Full course description for Entrepreneurial Mindset in a Diverse World

Entrepreneurship and Innovation electives (8 credits)

ENTR 491 Technology Management for Entrepreneurs

2 credits

Entrepreneurs confront many challenges. Often they want merely to focus on their core business. Managing technology cost effectively to support an enterprise at start up and as it grows requires expertise that could detract from other entrepreneurial pursuits. This course is designed to help jump start the process of selecting and maintaining technology during the stages of starting and running a business.

Full course description for Technology Management for Entrepreneurs

ENTR 493 Finance for Entrepreneurs

2 credits

This course blends financial theory and current industry trends and practices to instruct students on various aspects of financing an entrepreneurial venture. Major topics include attracting seed and growth capital from sources such as venture capital, investment banking, government, and commercial banks. Among the issues discussed are valuing a company, going public, selling out, acquisitions, bankruptcy. Course format includes: case analysis, writing a financial plan, and readings.

Full course description for Finance for Entrepreneurs

ENTR 495 Developing New Products and Services

2 credits

This course focuses on new product/service development from an entrepreneurial perspective. Through case studies, interactive exercises, team and individual projects, students will learn and apply ideation and harvesting concepts, gating methodologies, opportunity analysis, pro forma and forecasting. Students will enhance their research skills and critical thinking through evaluation of new product or service ideas.

Full course description for Developing New Products and Services

ENTR 496 Writing a Marketing Plan

2 credits

This course focuses on the process of marketing plan preparation by having the students create an actual marketing plan for an individual product or service offering, a product line, or a business unit of a company. Topics include environmental scanning, SWOT analysis, market positioning of the offering, pricing, break-even analysis, sales forecasting, product placement, and promoting the offering.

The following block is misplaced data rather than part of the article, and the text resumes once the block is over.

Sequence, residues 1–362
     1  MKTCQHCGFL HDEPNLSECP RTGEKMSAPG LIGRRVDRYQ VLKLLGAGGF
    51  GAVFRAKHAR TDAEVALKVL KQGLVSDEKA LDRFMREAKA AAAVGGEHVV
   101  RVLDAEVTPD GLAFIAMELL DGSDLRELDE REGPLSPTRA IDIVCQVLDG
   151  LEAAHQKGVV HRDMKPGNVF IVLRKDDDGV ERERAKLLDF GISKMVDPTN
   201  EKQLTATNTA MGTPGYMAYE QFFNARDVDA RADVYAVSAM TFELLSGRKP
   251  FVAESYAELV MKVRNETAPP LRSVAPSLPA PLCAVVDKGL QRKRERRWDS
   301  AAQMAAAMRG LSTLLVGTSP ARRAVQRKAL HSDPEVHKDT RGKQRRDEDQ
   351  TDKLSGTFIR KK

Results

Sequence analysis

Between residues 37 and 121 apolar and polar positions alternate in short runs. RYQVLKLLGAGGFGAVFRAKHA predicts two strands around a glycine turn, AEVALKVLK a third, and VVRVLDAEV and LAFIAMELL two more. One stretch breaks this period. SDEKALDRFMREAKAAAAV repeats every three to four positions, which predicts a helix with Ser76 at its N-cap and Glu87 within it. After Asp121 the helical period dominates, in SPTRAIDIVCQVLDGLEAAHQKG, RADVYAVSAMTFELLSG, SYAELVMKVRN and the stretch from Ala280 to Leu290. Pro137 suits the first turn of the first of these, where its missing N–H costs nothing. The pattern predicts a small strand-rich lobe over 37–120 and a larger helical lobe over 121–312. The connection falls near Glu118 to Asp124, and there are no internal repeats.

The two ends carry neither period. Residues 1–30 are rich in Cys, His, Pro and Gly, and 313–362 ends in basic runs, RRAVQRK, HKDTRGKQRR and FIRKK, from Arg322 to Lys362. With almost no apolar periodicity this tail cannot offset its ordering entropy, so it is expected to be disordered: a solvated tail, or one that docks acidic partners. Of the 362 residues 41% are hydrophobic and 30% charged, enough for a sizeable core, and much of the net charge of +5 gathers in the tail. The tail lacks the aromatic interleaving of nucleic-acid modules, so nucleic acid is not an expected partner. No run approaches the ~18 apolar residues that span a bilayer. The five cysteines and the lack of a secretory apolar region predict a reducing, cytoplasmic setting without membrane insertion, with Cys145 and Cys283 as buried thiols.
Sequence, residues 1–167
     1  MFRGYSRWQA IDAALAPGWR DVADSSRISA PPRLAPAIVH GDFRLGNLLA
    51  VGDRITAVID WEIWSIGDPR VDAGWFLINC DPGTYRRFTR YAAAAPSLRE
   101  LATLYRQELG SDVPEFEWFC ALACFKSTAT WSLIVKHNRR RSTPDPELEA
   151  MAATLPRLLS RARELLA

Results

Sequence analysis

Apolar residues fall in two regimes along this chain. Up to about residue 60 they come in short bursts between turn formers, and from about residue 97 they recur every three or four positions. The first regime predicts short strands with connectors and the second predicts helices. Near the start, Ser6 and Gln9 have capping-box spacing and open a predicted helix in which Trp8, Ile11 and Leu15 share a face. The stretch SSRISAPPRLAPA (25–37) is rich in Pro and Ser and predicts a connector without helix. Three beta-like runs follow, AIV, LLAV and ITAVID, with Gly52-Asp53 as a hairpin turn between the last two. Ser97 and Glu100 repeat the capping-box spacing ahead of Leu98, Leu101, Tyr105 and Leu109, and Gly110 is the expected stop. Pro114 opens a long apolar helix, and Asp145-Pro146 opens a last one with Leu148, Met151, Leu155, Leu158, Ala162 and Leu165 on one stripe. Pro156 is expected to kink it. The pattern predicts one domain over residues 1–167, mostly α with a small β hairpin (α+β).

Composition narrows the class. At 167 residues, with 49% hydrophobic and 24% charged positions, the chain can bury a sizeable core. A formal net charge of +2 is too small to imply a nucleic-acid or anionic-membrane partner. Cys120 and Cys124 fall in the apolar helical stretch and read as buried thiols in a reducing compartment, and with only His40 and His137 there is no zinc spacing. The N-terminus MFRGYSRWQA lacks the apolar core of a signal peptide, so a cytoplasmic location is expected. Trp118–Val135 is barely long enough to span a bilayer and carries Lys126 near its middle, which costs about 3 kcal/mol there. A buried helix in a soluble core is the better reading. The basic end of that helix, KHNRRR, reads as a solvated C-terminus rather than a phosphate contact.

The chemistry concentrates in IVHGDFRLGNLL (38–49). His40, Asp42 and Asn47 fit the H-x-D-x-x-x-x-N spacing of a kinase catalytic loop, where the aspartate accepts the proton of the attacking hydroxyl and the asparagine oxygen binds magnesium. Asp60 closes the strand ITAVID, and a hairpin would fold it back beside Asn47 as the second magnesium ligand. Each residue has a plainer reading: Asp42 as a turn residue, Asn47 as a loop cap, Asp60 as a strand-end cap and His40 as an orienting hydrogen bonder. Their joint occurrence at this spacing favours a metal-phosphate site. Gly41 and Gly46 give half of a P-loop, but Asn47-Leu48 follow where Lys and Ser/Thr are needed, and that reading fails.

Full course description for Writing a Marketing Plan

ENTR 497 Writing a Business Plan

2 credits

Writing a Business Plan provides students with practical knowledge and skills needed to write a business plan for a new business idea. Students will be able to deepen their understanding of the steps to creating a business and determine the resources needed to minimize risk and enhance the probability of creating a successful and sustainable business. Students have the opportunity to develop analytical/critical thinking and research skills through the completion of a business plan for their own business idea.

Full course description for Writing a Business Plan

College of Management Capstone (4 credits)

MGMT 499 Case Studies in Strategic Management

4 credits

This advanced course uses the case study approach to develop systems and techniques for analyzing the internal strengths and weaknesses of diverse organizations and the external environments in which they operate. Students craft strategies and develop implementation plans that apply organizational resources to opportunities and threats in its external environment. This course should be taken during the last semester of a student's program.

Full course description for Case Studies in Strategic Management